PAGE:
19 Table 3: DFAS Columbus Contracts Waiting for Reconciliation at Fiscal Year-End from 1995 to 2001 Number of contracts awaiting Fiscal year-end reconciliation , , , , , , ,249 Average for fiscal years 2,318 Source: DFAS Columbus. As shown in table 4, of the 3,249 contracts awaiting reconciliation, as of September 30, 2001, 575 had been in this status for over 360 days, while 1,523 of the contracts had been awaiting reconciliation for 90 days or less. This is fewer than what we reported 15 in July 1999 when over 900 of 2,453 contracts had been in reconciliation for over a year. Included in the contracts awaiting reconciliation are contracts for some of the largest contractors included in our survey. For example, 3 of the largest DOD contractors that responded to our survey Lockheed Martin, Raytheon, and Boeing had 205, 191, and 119 contracts, respectively, waiting for reconciliation as of August 31, In addition, 1 of the large contractors that did not respond to our survey had 56 contracts in reconciliation at DFAS Columbus. As noted later in this report, DCAA is auditing contractorprepared reconciliations at these large contractors, and DFAS uses the audit results in completing the contract closeout process. 15 GAO/NSIAD Page 16

20 Table 4: Aging of DFAS Columbus Contracts Awaiting Reconciliation as of September 30, 2001 Number of contracts awaiting Days in reconciliation reconciliation 90 days or less 1, to to to Over Total 3,249 Source: DFAS Columbus. The error-prone nature of the contract management and payment process is illustrated by over 15,000 contracts in fiscal years 2000 and 2001 combined that have gone through some level of reconciliation at DFAS Columbus. Contract provisions often change, affecting deliveries, progress payment liquidation rates, and indirect cost rates, which creates excess payments after invoices have been paid. As we reported 16 in January 1998, MOCAS records may differ from the accounting office records because contract information, such as modifications, may not have been properly and consistently processed by all locations. DFAS and contractors can process invoices in different sequences resulting in discrepancies in how progress payments are liquidated. As a result, many contracts can require some type of reconciliation more than once during their life. DFAS Columbus contract reconciliation results for fiscal year 2001 indicated that the majority of payment problems identified during research were due to payment system errors and erroneous processing of contract modifications. Overpayments Are Not Always Recovered Promptly We also have previously reported that overpayments are not always recovered promptly. 17 As mentioned in prior reports, such delays can cost the government in lost interest charges and use of the funds. 16 GAO/AIMD GAO and GAO/NSIAD Page 17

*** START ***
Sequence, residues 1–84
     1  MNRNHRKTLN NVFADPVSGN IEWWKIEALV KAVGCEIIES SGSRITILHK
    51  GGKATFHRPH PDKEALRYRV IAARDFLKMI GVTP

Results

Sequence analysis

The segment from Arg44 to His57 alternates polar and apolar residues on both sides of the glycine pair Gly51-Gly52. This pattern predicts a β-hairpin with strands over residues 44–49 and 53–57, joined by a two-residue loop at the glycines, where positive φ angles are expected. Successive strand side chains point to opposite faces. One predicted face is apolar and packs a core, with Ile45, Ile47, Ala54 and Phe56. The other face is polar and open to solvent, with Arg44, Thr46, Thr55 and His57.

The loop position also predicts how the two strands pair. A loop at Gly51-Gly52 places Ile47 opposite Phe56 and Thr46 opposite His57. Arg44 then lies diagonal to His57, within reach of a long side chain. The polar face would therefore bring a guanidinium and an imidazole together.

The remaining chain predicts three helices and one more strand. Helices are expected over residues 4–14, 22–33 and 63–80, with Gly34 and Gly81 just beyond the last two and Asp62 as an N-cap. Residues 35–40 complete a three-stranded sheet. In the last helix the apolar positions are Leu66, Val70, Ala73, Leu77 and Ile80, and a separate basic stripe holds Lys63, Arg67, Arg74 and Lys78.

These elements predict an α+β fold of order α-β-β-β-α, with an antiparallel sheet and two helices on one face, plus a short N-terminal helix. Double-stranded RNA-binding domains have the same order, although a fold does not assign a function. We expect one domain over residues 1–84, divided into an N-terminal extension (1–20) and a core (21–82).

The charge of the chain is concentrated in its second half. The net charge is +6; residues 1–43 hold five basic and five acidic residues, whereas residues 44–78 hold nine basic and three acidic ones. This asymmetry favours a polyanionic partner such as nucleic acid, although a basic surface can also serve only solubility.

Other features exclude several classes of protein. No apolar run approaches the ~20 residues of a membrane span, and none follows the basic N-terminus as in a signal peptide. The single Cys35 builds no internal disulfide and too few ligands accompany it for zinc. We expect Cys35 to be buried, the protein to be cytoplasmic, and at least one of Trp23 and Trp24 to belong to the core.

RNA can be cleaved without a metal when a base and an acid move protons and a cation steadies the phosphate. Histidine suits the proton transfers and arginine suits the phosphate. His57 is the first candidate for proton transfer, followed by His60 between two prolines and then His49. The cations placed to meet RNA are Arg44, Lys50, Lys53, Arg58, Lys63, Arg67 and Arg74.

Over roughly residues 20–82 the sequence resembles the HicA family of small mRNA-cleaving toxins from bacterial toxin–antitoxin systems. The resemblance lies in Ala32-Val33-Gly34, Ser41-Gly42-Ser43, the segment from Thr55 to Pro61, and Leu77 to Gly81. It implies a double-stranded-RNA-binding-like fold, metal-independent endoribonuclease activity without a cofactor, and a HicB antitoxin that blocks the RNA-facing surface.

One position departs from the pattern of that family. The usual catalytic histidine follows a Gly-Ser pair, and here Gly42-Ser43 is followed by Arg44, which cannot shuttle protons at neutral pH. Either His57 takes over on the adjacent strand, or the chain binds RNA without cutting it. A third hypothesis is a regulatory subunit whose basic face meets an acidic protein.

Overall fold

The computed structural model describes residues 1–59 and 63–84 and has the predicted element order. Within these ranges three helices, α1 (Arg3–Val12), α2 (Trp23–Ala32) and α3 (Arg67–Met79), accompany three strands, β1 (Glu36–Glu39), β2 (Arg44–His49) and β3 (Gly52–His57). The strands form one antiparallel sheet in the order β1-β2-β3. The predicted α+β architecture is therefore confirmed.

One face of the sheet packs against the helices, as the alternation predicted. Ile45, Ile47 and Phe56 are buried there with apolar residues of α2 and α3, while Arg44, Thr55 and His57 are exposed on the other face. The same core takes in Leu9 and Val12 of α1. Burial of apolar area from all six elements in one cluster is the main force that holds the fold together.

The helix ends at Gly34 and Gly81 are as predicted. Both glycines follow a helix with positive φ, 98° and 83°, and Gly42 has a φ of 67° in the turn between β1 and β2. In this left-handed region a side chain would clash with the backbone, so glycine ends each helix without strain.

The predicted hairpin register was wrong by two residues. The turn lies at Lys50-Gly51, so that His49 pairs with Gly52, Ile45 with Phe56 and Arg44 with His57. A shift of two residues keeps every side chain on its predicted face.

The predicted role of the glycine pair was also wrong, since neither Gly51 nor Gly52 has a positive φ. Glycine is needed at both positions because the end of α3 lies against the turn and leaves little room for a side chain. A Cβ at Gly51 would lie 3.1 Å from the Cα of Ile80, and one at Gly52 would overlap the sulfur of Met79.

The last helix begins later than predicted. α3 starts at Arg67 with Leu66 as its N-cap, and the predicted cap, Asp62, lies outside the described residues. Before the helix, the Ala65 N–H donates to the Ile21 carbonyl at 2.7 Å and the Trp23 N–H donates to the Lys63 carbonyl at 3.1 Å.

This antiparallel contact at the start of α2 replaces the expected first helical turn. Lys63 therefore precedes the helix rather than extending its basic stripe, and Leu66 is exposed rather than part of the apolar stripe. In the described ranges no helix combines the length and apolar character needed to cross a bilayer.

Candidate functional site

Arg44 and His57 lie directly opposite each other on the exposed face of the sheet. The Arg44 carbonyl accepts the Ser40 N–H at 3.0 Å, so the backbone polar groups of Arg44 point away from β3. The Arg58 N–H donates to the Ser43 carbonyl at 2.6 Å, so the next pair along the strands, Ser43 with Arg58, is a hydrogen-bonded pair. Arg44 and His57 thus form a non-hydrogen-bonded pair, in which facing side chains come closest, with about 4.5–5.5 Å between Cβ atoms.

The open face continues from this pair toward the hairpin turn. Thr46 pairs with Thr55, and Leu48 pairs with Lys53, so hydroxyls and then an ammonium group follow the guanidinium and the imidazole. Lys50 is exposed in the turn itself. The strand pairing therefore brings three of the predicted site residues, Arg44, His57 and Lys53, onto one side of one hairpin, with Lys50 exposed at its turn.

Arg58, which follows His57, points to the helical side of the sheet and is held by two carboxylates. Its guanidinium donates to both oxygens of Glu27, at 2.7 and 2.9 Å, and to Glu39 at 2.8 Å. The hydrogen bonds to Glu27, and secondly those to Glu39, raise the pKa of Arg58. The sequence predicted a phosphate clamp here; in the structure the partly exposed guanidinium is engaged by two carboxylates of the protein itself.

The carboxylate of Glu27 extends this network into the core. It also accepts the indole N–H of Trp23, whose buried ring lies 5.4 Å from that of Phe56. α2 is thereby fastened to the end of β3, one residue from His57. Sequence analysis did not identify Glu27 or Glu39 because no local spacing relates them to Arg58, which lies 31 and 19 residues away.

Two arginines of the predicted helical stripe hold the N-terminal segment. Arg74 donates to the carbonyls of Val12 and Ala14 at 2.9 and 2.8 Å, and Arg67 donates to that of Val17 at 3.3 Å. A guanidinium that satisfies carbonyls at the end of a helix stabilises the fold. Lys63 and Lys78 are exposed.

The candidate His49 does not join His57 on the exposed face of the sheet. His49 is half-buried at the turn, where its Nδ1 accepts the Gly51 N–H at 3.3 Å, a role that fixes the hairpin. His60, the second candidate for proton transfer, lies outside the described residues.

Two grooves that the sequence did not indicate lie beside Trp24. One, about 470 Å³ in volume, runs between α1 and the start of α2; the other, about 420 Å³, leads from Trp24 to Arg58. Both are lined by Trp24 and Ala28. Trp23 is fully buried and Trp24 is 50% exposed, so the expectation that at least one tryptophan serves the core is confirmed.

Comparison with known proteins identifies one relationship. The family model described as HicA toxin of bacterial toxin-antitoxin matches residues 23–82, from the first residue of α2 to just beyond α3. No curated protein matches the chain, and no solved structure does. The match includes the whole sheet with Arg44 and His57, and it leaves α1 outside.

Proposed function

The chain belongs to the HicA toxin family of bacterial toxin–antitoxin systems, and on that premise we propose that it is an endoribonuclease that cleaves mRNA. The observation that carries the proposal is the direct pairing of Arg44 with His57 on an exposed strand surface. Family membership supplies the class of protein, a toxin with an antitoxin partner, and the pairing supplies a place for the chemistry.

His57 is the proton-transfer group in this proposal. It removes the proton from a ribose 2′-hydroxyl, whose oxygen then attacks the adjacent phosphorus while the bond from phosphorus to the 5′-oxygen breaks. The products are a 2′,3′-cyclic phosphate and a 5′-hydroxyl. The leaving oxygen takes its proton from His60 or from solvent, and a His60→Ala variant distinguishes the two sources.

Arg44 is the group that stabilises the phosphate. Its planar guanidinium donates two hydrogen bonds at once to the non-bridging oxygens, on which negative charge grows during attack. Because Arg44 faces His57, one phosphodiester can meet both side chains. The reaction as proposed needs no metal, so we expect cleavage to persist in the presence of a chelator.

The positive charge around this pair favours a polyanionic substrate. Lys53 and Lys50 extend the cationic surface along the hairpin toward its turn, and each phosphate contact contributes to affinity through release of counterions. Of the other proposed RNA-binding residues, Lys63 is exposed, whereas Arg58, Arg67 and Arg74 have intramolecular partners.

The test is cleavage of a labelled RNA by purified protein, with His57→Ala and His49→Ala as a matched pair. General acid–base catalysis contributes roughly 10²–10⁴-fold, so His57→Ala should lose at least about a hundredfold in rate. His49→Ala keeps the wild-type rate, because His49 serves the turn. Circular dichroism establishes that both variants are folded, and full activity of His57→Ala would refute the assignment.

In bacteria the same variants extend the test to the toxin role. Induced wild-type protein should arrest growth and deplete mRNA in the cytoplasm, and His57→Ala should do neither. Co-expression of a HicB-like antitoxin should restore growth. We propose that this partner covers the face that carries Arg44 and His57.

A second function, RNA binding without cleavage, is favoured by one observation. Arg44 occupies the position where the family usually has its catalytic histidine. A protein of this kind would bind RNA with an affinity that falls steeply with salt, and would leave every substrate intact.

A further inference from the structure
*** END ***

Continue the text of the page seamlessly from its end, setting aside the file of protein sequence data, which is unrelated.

21 According to DFAS Columbus records, even though it had collected almost $85.7 million in fiscal year 2001, problems remain with the timely recovery of overpayments. For example, of the 546 overpayments, including voluntary contractor refunds, for which DFAS Columbus had recorded in its records both the check receipt date and the date the overpayment was identified, only 75 were refunded within 30 days, with 294 being refunded after 90 days. Moreover, 360 additional refunds did not have the dates necessary to determine the timeliness. Further, as of August 2001, DFAS Columbus accounts receivable records showed that about $26 million out of $54.8 million total receivables, or 47 percent, had been outstanding for over 90 days. Of those outstanding for over 90 days, about $18.8 million had not been resolved for over a year because contractors had disputed these receivables also discussed later in this report. We reviewed 11 files for these old accounts receivable and some examples follow. In November 1997, DFAS Columbus issued a demand letter to McDonnell Douglas for $2,294,454. The contractor disputed the demand and, in March 1998, the contract was submitted to audit. As a result of the audit, the demand was reduced to $27,904. However, DFAS did not issue a demand for the reduced amount. In May 2000, DFAS decided to update the audit on the contract. As of December 2001, over a year after the second audit, the recorded receivable was still $2,294,454 because the DFAS Columbus Accounts Receivable Branch had not been informed of the audit results. In August 1996, DFAS Columbus issued a demand letter to Hughes Aircraft for $2,032,113. DFAS subsequently issued a second demand letter in September The contractor disputed the demand but did not provide sufficient detail to support the dispute so that an audit could resolve the dispute. In January 1997, DFAS Columbus asked the contractor for additional information, and the contractor responded that the problem might be with several different progress payment and liquidation rates on the contract. As of December 2001, the account receivable file showed that no action had been taken. In September 1999, DFAS Columbus issued a demand letter for $3,886,567 to Raytheon because of a duplicate payment that had occurred in The contractor disputed the demand and provided evidence that it had sent a check for $3,137,200 for the debt in August However, according to DFAS Columbus, this left a balance due of $749,369. In November 1999, DFAS issued a demand letter for this new Page 18